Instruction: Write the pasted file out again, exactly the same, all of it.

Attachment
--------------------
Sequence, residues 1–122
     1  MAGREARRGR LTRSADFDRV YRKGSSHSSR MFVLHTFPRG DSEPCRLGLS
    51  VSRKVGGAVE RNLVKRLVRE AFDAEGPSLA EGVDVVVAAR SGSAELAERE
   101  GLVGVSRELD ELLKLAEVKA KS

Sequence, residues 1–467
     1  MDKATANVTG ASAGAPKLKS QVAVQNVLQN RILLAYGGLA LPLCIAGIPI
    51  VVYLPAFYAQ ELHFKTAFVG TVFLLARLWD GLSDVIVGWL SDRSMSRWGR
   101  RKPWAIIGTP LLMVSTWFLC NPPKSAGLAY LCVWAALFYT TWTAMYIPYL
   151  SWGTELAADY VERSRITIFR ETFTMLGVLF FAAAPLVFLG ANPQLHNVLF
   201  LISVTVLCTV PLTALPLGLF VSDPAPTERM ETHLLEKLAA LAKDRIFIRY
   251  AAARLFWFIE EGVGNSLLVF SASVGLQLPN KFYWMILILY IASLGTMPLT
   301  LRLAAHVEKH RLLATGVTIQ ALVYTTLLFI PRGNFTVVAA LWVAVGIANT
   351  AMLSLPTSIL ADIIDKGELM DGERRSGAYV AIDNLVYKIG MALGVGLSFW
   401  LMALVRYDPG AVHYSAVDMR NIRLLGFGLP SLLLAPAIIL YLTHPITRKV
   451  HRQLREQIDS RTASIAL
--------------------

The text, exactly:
Sequence, residues 1–122
     1  MAGREARRGR LTRSADFDRV YRKGSSHSSR MFVLHTFPRG DSEPCRLGLS
    51  VSRKVGGAVE RNLVKRLVRE AFDAEGPSLA EGVDVVVAAR SGSAELAERE
   101  GLVGVSRELD ELLKLAEVKA KS

Sequence, residues 1–467
     1  MDKATANVTG ASAGAPKLKS QVAVQNVLQN RILLAYGGLA LPLCIAGIPI
    51  VVYLPAFYAQ ELHFKTAFVG TVFLLARLWD GLSDVIVGWL SDRSMSRWGR
   101  RKPWAIIGTP LLMVSTWFLC NPPKSAGLAY LCVWAALFYT TWTAMYIPYL
   151  SWGTELAADY VERSRITIFR ETFTMLGVLF FAAAPLVFLG ANPQLHNVLF
   201  LISVTVLCTV PLTALPLGLF VSDPAPTERM ETHLLEKLAA LAKDRIFIRY
   251  AAARLFWFIE EGVGNSLLVF SASVGLQLPN KFYWMILILY IASLGTMPLT
   301  LRLAAHVEKH RLLATGVTIQ ALVYTTLLFI PRGNFTVVAA LWVAVGIANT
   351  AMLSLPTSIL ADIIDKGELM DGERRSGAYV AIDNLVYKIG MALGVGLSFW
   401  LMALVRYDPG AVHYSAVDMR NIRLLGFGLP SLLLAPAIIL YLTHPITRKV
   451  HRQLREQIDS RTASIAL